Out in the wild, cockatoos are quite selective when it comes to their habitat choices. Some cockatoo species can live in a wide variety of ecosystems, although most prefer a single type of habitat.

They’re mostly found in rainforests, shrublands, mangroves, and mountain forests. Some species live in parks, crop fields, and even farmland. Several species also live as pets in households across the world.

What Do Cockatoos Eat?

In the wild, the cockatoo diet comprises mainly seeds and nuts. However, in captivity, you need to provide them with a variety of fresh vegetables and fruits alongside high-quality avian pellets. These should make up roughly 70 to 80 percent of their daily dietary requirements. Vegetables and fruits should cater for the rest.

While seeds and seed treats are a favorite for many cockatoo owners, they should be kept to a minimum and fed to them as an occasional treat. This is because they are high in fat and low on other nutrients like calcium and vitamins, so a predominantly seed diet will inevitably lead to malnutrition.

Are Cockatoos Good Pets?

It’s all a matter of perspective here. Cockatoos are loud and can get quite noisy. They are among the loudest birds in the parrot family, and boy, do they love it.

They scream when communicating with each other; they scream when communicating with their owner; they scream when they need attention; they scream when they’re upset; they scream for the sheer joy of it.

They also love to chew and destroy things, so if you have one or you’re thinking about getting one, it’s probably a good idea to provide them with chewable toys. Cardboard, vegetable-tanned leather, tree branches, and softwood toys are great options to consider.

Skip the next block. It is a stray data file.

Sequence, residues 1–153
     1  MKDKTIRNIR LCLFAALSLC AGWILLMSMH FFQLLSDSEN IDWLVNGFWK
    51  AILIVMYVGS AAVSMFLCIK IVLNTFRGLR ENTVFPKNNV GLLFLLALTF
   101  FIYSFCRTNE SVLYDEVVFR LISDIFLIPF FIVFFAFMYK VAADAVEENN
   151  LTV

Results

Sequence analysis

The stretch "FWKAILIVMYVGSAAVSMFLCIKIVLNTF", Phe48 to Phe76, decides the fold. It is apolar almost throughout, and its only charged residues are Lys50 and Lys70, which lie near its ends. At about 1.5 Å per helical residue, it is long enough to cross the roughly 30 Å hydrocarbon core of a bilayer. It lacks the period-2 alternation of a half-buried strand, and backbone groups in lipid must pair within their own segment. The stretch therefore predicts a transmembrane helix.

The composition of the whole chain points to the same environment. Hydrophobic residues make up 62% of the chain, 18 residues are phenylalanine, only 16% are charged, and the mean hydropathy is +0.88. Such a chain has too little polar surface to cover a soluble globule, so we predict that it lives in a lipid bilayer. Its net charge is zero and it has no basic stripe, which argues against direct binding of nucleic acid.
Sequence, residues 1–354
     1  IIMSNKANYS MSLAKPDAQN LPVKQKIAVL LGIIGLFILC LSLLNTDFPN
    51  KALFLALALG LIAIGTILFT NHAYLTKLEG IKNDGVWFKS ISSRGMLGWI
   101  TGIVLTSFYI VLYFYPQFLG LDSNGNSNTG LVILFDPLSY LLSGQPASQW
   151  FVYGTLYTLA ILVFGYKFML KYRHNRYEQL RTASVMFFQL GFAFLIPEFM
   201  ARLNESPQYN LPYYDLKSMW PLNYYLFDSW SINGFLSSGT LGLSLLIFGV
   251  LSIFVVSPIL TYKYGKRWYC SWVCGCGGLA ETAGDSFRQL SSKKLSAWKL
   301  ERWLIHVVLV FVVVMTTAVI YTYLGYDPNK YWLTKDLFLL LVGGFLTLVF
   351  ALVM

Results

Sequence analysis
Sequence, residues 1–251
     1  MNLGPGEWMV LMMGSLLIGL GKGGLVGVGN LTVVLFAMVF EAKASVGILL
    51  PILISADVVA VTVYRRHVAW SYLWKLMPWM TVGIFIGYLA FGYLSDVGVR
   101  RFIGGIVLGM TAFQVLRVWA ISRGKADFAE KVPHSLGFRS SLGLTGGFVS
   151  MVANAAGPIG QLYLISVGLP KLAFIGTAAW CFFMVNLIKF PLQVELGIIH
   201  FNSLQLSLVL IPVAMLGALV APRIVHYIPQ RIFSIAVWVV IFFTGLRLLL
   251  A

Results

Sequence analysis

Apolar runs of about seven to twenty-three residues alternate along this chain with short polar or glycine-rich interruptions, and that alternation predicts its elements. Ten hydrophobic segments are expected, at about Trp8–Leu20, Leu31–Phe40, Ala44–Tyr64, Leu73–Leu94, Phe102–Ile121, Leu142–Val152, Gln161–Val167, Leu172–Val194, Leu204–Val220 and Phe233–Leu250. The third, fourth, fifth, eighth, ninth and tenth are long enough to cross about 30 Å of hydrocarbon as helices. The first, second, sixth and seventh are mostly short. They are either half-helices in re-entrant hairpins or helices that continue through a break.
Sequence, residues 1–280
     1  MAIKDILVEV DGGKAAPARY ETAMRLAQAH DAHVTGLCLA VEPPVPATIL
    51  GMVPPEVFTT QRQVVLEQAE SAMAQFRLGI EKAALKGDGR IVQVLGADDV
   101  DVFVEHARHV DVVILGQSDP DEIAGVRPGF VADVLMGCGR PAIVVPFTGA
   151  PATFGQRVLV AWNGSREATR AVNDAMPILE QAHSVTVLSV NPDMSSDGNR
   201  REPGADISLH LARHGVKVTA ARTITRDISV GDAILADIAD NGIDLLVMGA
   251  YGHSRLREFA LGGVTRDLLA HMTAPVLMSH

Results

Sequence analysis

You also need to let your bird play outside its cage for roughly four hours each day. They need direct social interaction as well, so play with and talk to them for at least an hour daily.

Cockatoos are loving and affectionate birds. However, they’re also highly demanding and borderline obsessive. They need to be around people; otherwise, they’ll (literally) scream for your attention. If that’s music to your ears, then a cockatoo is just what you need in your life.

How Much Does a Cockatoo Cost

How Much Does a Cockatoo Cost?

Cockatoos are common in the US, and can be purchased from various organizations, adopted, or rescued. Different cockatoo breeds have varying price points and could set you back anywhere between $500 and $4,000 on average. The exotic Black Palm cockatoo, for instance, costs $20,000+.

Before you fork over a wad of cash, do the necessary due diligence to ensure that you’re buying a bird from a reputable breeder. Find out how long they’ve been in the industry and how well they know the particular breed you’re looking to buy.

Demanding But Worth It

There you have it – everything you need to know about cockatoos. All in all, if you’re thinking about getting one, go ahead and do it. They may be demanding, but these affectionate beauties are worth every minute of your time.

For more information on bird health, use our online Vet Chat to talk to any of our qualified avian veterinarians today.